One other comment on the Dalkey book is that oddly, a couple of times a translator is quoted but not named or a translation is mentioned but the name of the translator is not provided (such as on pages 2 and 42-3), so the translator remains invisible. Of course, if this person chose to be anonymous, that should be stated. But if not, this shows how far translators still have to go in terms of visibility.

Translation in Practice tries to cover a lot of ground, but not in any great detail. So it is a good overview, but definitely not the final word.

Friday, February 05, 2010

Links on Children’s Literature

My last post discussed what it means to study children’s literature, so here I want to offer a few links that might be useful or interesting.

Outside In is about children’s literature and translation and Deborah Hallford and Edgardo Zaghini, who run the site, edited a collection of articles about and summaries of children’s literature in translation.

Write Away has many reviews of children’s literature and runs a conference and other activities.

Two organizations dedicated to the study and promotion of children’s literature are IRSCL and IBBY (note that I’ve given the link to IBBY in the UK, but there are branches all over the world).

Here are some major academic journals on children’s lit:

IRCL, which is run by IRSCL


Looking Glass


New Review of Children's Literature and Librarianship


If you know of any other useful links, let me know!

Monday, February 01, 2010

Studying Children’s Literature

As some of you may know, my PhD dissertation was on the translation of children’s literature and I do a lot of research on children’s lit. I have to deal with a lot of misconceptions about what this means:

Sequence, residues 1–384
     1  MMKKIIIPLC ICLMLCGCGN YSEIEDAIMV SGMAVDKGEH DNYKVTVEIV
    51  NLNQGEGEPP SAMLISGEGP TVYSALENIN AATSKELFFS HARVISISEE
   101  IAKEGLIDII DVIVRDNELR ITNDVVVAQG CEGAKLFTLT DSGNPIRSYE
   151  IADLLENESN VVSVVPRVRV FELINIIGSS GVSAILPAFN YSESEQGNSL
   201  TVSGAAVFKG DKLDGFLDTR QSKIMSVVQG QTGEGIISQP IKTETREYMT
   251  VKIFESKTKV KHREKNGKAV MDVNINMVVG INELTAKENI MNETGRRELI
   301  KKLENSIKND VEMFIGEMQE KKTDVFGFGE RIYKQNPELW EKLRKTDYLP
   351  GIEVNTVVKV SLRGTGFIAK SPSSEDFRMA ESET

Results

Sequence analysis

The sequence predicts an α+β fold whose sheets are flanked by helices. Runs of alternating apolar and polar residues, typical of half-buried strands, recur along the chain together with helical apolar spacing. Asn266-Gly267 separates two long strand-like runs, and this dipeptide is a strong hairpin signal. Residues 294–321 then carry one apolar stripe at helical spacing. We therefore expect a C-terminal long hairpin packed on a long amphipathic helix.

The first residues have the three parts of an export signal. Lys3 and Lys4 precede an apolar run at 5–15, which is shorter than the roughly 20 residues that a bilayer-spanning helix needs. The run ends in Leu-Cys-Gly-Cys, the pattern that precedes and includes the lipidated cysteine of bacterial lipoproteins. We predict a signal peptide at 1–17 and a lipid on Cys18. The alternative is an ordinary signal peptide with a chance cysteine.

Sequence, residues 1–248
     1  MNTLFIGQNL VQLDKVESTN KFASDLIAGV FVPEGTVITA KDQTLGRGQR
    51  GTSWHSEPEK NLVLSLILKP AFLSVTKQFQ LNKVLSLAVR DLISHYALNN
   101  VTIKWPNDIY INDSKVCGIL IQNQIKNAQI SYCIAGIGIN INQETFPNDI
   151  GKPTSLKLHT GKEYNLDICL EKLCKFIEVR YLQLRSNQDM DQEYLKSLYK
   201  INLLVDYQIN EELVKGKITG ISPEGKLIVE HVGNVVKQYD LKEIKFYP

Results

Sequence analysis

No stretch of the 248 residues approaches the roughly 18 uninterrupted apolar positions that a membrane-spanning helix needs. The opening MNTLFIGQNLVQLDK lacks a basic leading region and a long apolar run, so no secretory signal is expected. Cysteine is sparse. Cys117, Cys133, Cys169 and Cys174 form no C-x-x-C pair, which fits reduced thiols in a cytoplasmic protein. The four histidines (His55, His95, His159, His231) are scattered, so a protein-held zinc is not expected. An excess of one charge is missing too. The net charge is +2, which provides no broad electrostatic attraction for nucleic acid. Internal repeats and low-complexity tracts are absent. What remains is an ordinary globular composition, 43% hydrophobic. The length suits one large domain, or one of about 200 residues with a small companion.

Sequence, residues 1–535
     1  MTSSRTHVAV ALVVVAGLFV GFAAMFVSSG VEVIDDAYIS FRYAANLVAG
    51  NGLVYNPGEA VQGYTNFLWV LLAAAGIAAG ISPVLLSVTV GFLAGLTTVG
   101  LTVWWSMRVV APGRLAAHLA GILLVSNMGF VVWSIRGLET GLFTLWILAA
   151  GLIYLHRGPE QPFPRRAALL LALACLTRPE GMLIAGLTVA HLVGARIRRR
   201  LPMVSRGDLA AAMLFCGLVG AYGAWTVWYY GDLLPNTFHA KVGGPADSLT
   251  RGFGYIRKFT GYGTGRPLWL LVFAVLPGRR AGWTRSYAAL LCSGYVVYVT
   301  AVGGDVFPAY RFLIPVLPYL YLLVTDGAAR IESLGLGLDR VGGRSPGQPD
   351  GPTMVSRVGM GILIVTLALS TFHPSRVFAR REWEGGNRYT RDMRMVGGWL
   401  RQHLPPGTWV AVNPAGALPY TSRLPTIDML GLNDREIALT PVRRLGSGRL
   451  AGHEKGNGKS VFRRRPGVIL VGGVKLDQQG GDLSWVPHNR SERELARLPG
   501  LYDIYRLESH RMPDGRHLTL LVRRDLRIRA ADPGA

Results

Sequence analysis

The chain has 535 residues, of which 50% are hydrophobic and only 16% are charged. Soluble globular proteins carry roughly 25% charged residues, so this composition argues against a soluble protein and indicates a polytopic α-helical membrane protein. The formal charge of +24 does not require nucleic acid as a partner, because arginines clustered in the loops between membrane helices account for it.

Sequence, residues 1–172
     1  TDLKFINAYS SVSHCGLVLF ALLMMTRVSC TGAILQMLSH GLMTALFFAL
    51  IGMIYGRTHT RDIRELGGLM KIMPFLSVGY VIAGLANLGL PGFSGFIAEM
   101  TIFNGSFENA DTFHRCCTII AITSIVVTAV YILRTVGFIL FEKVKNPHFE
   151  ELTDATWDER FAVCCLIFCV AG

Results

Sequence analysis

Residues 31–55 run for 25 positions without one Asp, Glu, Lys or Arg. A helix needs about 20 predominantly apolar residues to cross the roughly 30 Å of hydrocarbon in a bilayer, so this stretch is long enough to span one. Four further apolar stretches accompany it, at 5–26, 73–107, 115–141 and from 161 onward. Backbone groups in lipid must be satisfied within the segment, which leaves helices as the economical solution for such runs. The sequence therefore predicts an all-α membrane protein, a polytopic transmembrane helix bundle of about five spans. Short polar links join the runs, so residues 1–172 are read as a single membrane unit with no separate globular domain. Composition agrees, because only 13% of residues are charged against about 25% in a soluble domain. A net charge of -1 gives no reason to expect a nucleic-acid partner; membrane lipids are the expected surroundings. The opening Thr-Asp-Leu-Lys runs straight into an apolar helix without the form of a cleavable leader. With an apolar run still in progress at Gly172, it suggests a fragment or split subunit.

-People ask me if I sit around, reading children’s books, and they assume that this must be easy. No, actually, I don’t spend hours reading Laura Ingalls Wilder and Judy Blume and Lewis Carroll and Lemony Snicket and nothing else. I do read them, and I read them very closely, but I also have to read around them, which means studying literary theory, psychology, anthropology, reception theory, translation theory, and much more. I don’t just read books and then summarize them, as you might do in grammar school. I have to analyze them and what they mean and what effect they have on the reader, among other things. It is not easy to study children’s literature.

-People often assume I must be an expert on fairy tales. Actually, no, I’m not. The field of children’s literature is much larger than just fairy tales, and fairy tales are not my area of expertise, even though of course I need to understand them in order to be able to understand the history of children’s literature.

-One of the most common questions I get asked is what I think of Harry Potter. I’ll be honest: I’ve never read any of the Harry Potter books. I don’t study them. It’s very frustrating when I give a talk at a conference and then during the question session people ask me about J.K. Rowling and Harry Potter, even though I never mentioned her and her books once during my presentation. There is more to children’s literature than Harry Potter.

-One of the other most common issues people often ask about is in regards to tv shows and films. First of all, I study literature, not tv. Second of all, I don’t even own a tv. While some people study the transition of children’s books from literature to film, most of us in the field don’t. Again, there is much more to the subject than tv.

-Finally, people tend to think it is a ridiculous, non-serious field and they mock me for choosing such a “simple” topic. It seems to me essential that we understand what ideas are behind children’s literature and how they affect the next generation. How could this possibly be unimportant?

In the next post, I will offer some links on children’s literature.